Community resources like the Supplemental Nutrition Assistance Program (SNAP), formerly known as Food Stamps, exist to ensure that families and individuals can purchase groceries, with the average benefit being about $1.40 per meal, per person.

Funding for SNAP comes from the USDA, but the administrative costs are split between local, state, and federal governments. Yet, the lack of investment in a strong, effective SNAP program impedes Colorado's progress in becoming the healthiest state in the nation and providing a better, brighter future for all. Indeed, Colorado ranks 44th in the nation for access to SNAP and lost out on more than $261 million in grocery sales due to a large access gap in SNAP enrollment.

See the Food Assistance (SNAP) Benefit Calculator to get an estimate of your eligibility for food benefits.


Every child deserves the nutritional resources needed to get a healthy start on life both inside and outside the mother's womb. In particular, good nutrition and health care is critical for establishing a strong foundation that could affect a child's future physical and mental health, academic achievement and economic productivity. Likewise, the inability to access good nutrition and health care endangers the very integrity of that foundation.

The Special Supplemental Nutrition Program for Women, Infants and Children (WIC) provides federal grants to states for supplemental foods, health care referrals, and nutrition information for low-income pregnant, breastfeeding and non-breastfeeding postpartum women and to infants and children up to age five who are found to be at nutritional risk.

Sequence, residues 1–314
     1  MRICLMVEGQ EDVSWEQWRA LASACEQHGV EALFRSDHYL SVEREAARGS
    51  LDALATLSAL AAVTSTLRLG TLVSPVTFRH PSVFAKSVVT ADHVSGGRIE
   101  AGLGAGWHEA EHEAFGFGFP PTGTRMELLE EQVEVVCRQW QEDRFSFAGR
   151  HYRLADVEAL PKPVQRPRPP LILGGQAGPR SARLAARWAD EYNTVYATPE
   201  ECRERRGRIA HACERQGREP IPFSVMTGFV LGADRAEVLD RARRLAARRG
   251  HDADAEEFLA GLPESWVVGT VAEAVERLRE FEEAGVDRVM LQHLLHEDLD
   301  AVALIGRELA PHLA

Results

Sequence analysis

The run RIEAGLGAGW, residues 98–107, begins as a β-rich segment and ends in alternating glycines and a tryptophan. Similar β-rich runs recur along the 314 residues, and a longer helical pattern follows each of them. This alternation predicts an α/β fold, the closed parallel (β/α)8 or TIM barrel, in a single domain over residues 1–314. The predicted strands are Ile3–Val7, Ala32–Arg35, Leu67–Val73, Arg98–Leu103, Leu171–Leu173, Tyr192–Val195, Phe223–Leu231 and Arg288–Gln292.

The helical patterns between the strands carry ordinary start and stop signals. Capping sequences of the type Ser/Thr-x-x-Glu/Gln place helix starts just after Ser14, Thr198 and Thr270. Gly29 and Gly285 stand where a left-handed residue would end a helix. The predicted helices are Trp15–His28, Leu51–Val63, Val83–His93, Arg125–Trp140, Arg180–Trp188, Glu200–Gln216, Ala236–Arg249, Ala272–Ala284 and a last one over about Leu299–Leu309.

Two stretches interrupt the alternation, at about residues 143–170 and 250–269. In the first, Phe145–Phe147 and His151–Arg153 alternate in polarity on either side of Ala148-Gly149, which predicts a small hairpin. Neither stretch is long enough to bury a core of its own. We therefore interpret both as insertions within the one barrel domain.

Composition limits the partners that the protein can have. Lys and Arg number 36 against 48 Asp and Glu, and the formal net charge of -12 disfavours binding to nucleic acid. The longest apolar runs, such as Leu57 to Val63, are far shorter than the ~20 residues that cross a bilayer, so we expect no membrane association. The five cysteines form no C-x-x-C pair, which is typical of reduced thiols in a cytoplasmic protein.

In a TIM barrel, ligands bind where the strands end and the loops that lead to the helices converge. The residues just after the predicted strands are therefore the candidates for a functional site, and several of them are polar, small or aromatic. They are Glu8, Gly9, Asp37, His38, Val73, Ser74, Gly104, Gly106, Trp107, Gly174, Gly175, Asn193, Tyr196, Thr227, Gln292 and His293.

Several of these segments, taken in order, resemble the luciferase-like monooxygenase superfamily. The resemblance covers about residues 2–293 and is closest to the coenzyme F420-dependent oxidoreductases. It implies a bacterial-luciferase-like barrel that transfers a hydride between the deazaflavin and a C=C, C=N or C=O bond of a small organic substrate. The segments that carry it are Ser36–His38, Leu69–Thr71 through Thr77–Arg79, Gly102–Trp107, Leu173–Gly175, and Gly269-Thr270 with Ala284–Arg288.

Research has shown that WIC has played an important role in improving birth outcomes and containing health care costs, resulting in longer pregnancies, fewer infant deaths, a greater likelihood of receiving prenatal care, improved infant-feeding practices, and immunization rates

Financial Security:
Colorado Works

In building a foundation for self-sufficiency, some Colorado families need some extra tools to ensure they can weather challenging financial circumstances and obtain basic resources to help them and their communities reach their potential.

Colorado Works is Colorado's Temporary Assistance for Needy Families (TANF) program and provides public assistance to families in need. The Colorado Works program is designed to assist participants in becoming self-sufficient by strengthening the economic and social stability of families. The program provides monthly cash assistance and support services to eligible Colorado families.

The program is primarily funded by a federal block grant to the state. Counties also contribute about 20% of the cost.


Child care is a must for working families. Along with ensuring that parents can work or obtain job skills training to improve their families' economic security, studies show that quality child care improves children's academic performance, career development and health outcomes.

Yet despite these proven benefits, low-income families often struggle with the cost of child care. Colorado ranks among the top 10 most expensive states in the country for center-based child care. For families with an infant, full-time enrollment at a child care center cost an average of $15,140 a year-or about three-quarters of the total income of a family of three living at the Federal Poverty Level (FPL).

The Colorado Child Care Assistance Program (CCCAP) provides child care assistance to parents who are working, searching for employment or participating in training, and parents who are enrolled in the Colorado Works Program and need child care services to support their efforts toward self-sufficiency. Most of the money for CCCAP comes from the federal Child Care and Development Fund. Each county can set their own income eligibility limit as long as it is at or above 165% of the federal poverty level and does not exceed 85% of area median income.

Unfortunately, while the need is growing, only an estimated one-quarter of all eligible children in the state are served by CCCAP. Low reimbursement rates have also resulted in fewer providers willing to accept CCCAP subsidies.